The Bible does teach that patience and self-control come from the Spirit (Galatians 5:22-23), but it also holds Christians responsible to walk in obedience to the Spirit  (Galatians 5:25). The Spirit doesn’t magically remove our angry feelings; He just empowers us to choose not to act on them. No introspection. No analysis. Above all, no blaming our parents for childhood traumas which then excuse our sinful behavior.

Psychology, you see,  offers us an excuse to stay in our sin “while we work on it.” Usually, that means our counselor has at least two years of income as she finds all sorts of underlying issues for us to work through. But we believe her psychological training gives her deeper knowledge than Christians trained in the Bible possess, and we enjoy focusing on ourselves.

In summary, psychology attracts us with its promise to supply special insight into our natures. It deceives us into thinking that God’s Word lacks the ability to address our issues and free us from sinful behavior patterns. Like all forms of gnosticism, it shifts our attention from the Lord to ourselves.  And like all forms of gnosticism, it should be avoided.

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The Meditation Of My Heart And How To Make It Acceptable In God’s Sight

Psalm 19V14 B&W

I lay awake last night, letting my mind wander into places it had no business going. Not only did my disobedience rob me of sleep I really needed, but much more importantly it grieved the Holy Spirit by dishonoring the Lord. Thankfully, God brought me to repentance fairly quickly, and I drifted off to sleep.

When I awoke this morning, I again confessed my sin to the Lord. As I prayed about it, I remembered Psalm 19:14.

Let the words of my mouth and the meditation of my heart
    be acceptable in your sight,
    O Lord, my rock and my redeemer. (ESV)

Even though the meditation of my heart had been decidedly unacceptable in the sight of the Lord, I felt a desire to  change that course. So I started pondering about ways to keep my thoughts on things that please the Lord. John MacArthur’s radio broadcasts these last two weeks came to mind, as I recalled him saying something about filling our minds with Scripture so that our thoughts would honor God.

From there, I remembered that an earlier portion of Psalm 19 actually talks about Scripture’s impact on people.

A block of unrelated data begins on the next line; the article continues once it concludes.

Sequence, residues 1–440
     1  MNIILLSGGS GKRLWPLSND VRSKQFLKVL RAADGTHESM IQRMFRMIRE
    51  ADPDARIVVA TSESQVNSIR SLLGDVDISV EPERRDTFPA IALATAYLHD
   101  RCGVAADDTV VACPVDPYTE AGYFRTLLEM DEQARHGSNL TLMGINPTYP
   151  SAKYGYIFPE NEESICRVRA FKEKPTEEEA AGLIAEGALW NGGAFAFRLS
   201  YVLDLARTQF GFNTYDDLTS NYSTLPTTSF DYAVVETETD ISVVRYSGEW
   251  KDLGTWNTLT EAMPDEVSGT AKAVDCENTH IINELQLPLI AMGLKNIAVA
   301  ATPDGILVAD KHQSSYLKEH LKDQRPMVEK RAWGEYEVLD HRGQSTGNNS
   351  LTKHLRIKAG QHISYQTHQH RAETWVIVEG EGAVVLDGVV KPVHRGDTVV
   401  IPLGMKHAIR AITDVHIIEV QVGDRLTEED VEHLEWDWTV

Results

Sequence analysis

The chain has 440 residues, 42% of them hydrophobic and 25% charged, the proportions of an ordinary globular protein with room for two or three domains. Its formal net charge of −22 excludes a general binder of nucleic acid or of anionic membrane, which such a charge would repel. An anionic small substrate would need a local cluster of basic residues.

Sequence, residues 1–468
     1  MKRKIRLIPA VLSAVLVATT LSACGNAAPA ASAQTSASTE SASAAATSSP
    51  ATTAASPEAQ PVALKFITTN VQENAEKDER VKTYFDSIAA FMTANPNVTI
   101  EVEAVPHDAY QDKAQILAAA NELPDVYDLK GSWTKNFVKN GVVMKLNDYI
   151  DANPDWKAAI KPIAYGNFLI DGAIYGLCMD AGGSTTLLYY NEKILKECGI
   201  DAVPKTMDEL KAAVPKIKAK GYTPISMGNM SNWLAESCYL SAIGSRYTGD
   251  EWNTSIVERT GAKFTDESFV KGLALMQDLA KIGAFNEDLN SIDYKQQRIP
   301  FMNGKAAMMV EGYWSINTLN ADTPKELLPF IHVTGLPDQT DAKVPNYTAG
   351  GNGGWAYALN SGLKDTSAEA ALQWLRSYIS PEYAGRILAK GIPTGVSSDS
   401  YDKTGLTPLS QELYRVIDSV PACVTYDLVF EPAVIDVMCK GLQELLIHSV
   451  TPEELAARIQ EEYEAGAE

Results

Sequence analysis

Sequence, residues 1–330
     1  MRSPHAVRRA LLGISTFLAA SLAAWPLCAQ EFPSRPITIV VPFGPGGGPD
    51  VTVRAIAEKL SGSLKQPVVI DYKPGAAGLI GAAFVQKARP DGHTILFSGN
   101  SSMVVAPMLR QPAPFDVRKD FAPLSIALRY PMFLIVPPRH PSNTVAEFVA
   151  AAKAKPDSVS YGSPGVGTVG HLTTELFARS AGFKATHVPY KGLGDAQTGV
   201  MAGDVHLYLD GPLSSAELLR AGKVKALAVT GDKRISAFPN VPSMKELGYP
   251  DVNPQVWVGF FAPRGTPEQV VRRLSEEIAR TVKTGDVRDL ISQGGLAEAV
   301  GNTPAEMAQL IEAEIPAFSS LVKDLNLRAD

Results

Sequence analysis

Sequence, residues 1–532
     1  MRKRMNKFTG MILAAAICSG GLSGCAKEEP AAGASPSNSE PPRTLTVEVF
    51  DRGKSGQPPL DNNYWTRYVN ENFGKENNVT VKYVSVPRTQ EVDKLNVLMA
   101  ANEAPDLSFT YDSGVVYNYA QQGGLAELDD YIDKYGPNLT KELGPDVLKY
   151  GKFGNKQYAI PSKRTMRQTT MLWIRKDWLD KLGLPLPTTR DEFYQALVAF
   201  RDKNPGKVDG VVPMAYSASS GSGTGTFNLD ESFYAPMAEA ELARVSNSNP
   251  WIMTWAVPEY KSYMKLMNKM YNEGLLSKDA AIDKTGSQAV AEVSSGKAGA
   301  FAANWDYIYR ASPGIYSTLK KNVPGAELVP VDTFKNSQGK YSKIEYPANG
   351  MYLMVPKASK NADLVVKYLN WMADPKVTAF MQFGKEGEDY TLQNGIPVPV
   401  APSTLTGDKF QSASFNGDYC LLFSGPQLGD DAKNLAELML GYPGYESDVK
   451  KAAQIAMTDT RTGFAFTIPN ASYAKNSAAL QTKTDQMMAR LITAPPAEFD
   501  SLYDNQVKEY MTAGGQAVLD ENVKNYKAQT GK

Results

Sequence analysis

The law of the Lord is perfect,
    reviving the soul;
the testimony of the Lord is sure,
    making wise the simple;
the precepts of the Lord are right,
    rejoicing the heart;
the commandment of the Lord is pure,
    enlightening the eyes;
the fear of the Lord is clean,
    enduring forever;
the rules of the Lord are true,
    and righteous altogether.
10 More to be desired are they than gold,
    even much fine gold;
sweeter also than honey
    and drippings of the honeycomb.
11 Moreover, by them is your servant warned;
    in keeping them there is great reward. ~~Psalm 19:7-11 (ESV)

It follows, seems to me, that keeping God’s Word constantly in mind would guard us against dwelling on sinful thoughts. If my heart’s meditation revolves around His Word, naturally it’s acceptable in His sight. Clearly, it leaves no room for entertaining unclean ideas.

Maybe what I’m writing isn’t particularly novel. But sometimes we forget foundational truths. Sometimes it helps to nudge our memories back to things we’ve known for years. We get caught up in the finer points of doctrine, or in serving the Lord, and suddenly lose sight of fundamental attitudes that Christians need.

My mental activities last night most assuredly were unacceptable. But the Lord showed great mercy in using my sin to direct me back to His Word. For that great mercy, I praise His wonderful Name!

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Praising The Lord For Technology And The Reformers

Renaissance Border

In our devotional time together this morning, John thanked the Lord for the technology that makes the Bible accessible to people like us. You see, our disabilities make turning pages and holding heavy books increasingly difficult, especially as we have reached what people euphemistically call “the golden years.” I depend on my eSword software and various online Bibles for both devotional reading and study, while John relies on all those plus his Kindle.

I understand all the arguments favoring paper Bibles (and I use one during church services), and certainly I think able-bodied people should probably use them to avoid the distractions inherent in computers and cell phones. But I praise the Lord that He’s given us such increased access to His Word.

As John prayed his prayer of thanksgiving this morning, I thought back to 1440, when the printing press enabled the mass production of books and pamphlets. In 1517, the printing press allowed for the publication and distribution of Martin Luther’s 95 Theses (historians debate whether or not Luther had a hand in that distribution). Renaissance era technology had paved the way for people other than the elite to be exposed to different ideas rather than having to unquestioningly accept everything the Church told them.

Luther and other Reformers subsequently realized the value of translating the Bible into commonly spoken languages, which could then be placed in the hands of anyone who could read. This availability of Scripture in turn permitted people direct access to the doctrines of grace.

Scripture teaches, for example, that salvation comes by faith alone, not as a result of human effort.

For by grace you have been saved through faith. And this is not your own doing; it is the gift of God, not a result of works, so that no one may boast. ~~Ephesians 2:8-9 (ESV)

This doctrine flew in the face of both the sacramental system and the highly lucrative selling of Indulgences, thus threatening the Roman Catholic Church’s power and source of revenue. Yet it opened the message of salvation to countless people who had never had the opportunity to hear the true Gospel. The Lord, through the Reformers, utilized Renaissance era technology to bring about the greatest revival in church history.